Gov. Mark Dayton and Republicans who control the state Legislature have a framework for a budget agreement and say the state government shutdown will end “within days.”
House Speaker Kurt Zellers, Senate Majority Leader Amy Koch and the governor addressed the press together around 5:00 p.m. on Thursday after more than three hours of discussion. All three appeared somber as they spoke about an agreement they called disappointing for everyone.
“It’s not a perfect scenario, but we are in an imperfect situation here,” Zellers told reporters assembled outside the governor’s office. “It’s a deal we all can be disappointed in, but a deal that’s done.”
The deal is based off an offer GOP leaders presented to Dayton on the eve of the shutdown, which the governor re-presented to them – with added conditions – on Thursday, about two weeks into a historic state government shutdown.
That offer includes a $700 million expansion of the state’s K-12 aid shift (which currently stands at $1.9 billion) and another $700 million acquired by issuing bonds to borrow against future tobacco settlement proceeds to close the remaining $1.4 billion gap between the two parties. The proposal also attaches three new conditions from the governor: pass a $500 million bonding bill and remove a 15 percent state workforce cut and all social issues from their budget bills.
All of these details are fluid and subject to change as leaders bring in committee chairs, start crafting the bills and begin counting votes in their caucuses. Dayton said he hopes the policy measures would be taken out, and said a bonding bill is not necessarily an “ultimate requirement” to the final agreement.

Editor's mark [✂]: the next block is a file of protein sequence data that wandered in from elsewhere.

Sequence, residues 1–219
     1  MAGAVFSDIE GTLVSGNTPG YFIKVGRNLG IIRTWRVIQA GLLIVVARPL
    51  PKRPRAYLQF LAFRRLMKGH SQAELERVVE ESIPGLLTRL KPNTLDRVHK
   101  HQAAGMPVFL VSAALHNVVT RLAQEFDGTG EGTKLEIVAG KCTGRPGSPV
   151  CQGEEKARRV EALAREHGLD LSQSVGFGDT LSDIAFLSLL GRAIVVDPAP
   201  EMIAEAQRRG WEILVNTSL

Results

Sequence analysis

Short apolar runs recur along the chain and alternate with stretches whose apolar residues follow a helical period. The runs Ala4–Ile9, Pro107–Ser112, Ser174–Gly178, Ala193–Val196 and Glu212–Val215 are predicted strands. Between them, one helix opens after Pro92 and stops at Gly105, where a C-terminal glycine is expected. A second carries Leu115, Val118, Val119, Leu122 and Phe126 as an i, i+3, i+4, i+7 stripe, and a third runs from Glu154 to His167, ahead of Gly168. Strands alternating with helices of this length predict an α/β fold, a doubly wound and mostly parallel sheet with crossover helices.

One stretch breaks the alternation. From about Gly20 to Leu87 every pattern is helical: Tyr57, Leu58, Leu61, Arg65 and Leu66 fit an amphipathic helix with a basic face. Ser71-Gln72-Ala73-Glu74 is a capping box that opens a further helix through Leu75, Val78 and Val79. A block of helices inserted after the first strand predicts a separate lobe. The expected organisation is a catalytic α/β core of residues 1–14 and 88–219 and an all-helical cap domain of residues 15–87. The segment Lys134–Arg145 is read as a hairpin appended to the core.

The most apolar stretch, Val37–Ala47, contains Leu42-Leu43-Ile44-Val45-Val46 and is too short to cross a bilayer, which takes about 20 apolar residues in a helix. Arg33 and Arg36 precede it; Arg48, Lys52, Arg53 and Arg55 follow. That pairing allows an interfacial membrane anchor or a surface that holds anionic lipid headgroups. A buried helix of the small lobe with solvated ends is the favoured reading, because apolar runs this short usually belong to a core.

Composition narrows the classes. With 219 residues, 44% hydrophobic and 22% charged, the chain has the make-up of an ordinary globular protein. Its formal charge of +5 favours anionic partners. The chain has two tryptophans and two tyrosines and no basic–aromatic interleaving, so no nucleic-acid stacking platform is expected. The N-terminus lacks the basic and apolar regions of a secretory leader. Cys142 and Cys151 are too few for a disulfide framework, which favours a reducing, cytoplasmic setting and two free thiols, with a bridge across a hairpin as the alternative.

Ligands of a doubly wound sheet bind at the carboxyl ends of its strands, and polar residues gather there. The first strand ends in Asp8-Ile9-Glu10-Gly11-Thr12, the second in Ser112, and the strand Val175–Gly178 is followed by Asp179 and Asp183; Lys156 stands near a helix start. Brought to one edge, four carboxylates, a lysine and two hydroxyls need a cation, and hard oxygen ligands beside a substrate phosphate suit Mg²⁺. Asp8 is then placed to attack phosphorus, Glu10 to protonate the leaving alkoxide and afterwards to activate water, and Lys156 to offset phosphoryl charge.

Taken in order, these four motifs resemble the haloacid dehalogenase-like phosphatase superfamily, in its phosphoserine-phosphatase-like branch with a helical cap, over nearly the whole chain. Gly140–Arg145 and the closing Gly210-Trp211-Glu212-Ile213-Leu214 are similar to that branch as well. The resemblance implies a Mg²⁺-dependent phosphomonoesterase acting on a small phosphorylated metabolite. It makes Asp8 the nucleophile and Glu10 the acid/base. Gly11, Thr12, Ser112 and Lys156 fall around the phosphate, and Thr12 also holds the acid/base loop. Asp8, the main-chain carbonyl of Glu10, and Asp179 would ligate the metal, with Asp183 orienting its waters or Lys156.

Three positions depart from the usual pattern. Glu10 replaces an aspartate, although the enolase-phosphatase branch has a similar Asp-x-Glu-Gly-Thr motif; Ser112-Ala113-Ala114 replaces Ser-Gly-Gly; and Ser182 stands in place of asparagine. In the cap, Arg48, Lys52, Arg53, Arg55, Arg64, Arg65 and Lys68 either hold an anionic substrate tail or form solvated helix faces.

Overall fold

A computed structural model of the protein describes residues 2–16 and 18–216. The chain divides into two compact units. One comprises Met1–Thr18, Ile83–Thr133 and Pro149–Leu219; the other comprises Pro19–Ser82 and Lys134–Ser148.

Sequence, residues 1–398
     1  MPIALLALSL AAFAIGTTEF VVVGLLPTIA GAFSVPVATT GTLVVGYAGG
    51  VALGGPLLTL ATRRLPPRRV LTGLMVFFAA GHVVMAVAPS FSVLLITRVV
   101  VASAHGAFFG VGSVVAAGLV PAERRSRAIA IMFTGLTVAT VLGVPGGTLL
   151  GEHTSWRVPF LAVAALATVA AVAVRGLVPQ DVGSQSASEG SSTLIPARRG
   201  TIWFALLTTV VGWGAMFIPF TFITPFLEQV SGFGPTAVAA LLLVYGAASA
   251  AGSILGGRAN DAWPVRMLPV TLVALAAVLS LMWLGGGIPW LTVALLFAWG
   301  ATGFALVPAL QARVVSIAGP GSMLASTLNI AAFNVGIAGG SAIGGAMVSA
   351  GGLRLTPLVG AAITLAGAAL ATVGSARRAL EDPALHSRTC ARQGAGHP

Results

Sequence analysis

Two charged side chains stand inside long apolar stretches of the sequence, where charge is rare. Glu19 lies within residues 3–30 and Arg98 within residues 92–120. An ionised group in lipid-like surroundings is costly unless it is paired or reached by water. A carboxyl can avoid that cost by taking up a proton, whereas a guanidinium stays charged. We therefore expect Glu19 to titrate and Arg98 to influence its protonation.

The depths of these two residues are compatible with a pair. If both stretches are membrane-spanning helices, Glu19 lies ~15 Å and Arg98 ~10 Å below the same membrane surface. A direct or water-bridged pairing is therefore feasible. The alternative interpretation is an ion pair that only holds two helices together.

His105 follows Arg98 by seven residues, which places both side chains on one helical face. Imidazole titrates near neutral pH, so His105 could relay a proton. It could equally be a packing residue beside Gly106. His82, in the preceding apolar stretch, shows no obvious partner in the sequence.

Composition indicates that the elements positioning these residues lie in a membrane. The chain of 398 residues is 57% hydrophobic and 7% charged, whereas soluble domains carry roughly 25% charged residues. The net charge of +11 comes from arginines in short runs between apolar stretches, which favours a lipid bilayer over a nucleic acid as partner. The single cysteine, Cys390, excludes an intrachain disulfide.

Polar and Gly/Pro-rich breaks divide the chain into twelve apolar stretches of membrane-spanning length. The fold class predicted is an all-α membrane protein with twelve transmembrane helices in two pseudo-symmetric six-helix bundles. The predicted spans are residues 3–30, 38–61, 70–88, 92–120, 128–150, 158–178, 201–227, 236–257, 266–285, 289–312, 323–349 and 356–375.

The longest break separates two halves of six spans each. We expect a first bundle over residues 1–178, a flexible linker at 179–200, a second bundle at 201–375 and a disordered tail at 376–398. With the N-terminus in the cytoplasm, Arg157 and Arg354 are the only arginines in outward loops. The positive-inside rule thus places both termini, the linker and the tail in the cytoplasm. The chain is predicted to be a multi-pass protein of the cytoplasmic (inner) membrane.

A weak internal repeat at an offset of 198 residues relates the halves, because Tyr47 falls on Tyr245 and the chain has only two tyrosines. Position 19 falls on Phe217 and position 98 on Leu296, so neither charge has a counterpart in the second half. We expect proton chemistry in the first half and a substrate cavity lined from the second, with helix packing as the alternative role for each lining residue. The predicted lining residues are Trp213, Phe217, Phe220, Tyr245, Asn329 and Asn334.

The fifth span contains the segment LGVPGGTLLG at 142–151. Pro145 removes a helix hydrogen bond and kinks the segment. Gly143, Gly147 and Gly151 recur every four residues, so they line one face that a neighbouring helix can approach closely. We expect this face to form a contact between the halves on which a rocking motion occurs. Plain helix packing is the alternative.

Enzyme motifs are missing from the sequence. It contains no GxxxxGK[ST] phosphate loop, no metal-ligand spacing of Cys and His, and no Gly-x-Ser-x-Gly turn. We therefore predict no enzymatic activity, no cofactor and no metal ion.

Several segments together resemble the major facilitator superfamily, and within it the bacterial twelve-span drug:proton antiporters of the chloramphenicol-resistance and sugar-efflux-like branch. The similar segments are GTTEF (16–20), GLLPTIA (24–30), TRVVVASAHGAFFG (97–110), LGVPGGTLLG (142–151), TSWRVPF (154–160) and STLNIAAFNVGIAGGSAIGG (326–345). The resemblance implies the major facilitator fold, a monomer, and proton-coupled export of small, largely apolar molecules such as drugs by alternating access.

Both Koch and Zellers said they “believe” they have the votes in their caucus to support a budget based off this framework, but Koch added that they need to “hammer out the details” before they can be sure.
That process will likely take several days, Dayton said, as the bills need to be drafted and go through the revisor’s office. The governor said he will not call a special session for a lights-on bill in the meantime, but will “turn all the lights on” when they pass these budget bills “within days.” Leaders and the governor will be working tomorrow and all weekend, Dayton said.
DFL Reps. Mindy Greiling and Ryan Winkler both released statements expressing disappointment in the deal. Greiling called the proposed school shift an “egregious” example of misplaced priorities, pinning the blame on Republicans, while Winkler said the combination of using the school dollars and the tobacco bonds makes for the “most irresponsible budget in our state’s history.”
“We have never borrowed money against future revenue to fund current operations in the history of the state. When [Gov. Tim] Pawlenty proposed this scheme, nearly every legislator voted against it,” Winkler wrote. “In addition, borrowing nearly half of the annual school funding from school districts will cause chaos for our schools and mortgage our children’s future.”
“No one is going to be happy with this,” Dayton said, “which is the essence of real compromise.”
After the press conference, Senate DFL staffer Tom Kukielka sent an email to the caucus, asking them to be ready for a special session.
“As I’m sure you are aware the governor has come to a budget agreement with Republican Legislators. We expect the special session could be as soon as Monday or Tuesday next week the 18th and 19th of July,” he wrote. “The principals will be drafting the legislation this week, Sen. [Tom] Bakk would appreciate if our members were available for consultation this weekend in your fields of expertise. We are not asking you all be at the Capitol over the weekend, only available for consultation, either here or via phone to address questions or concerns which may arise.”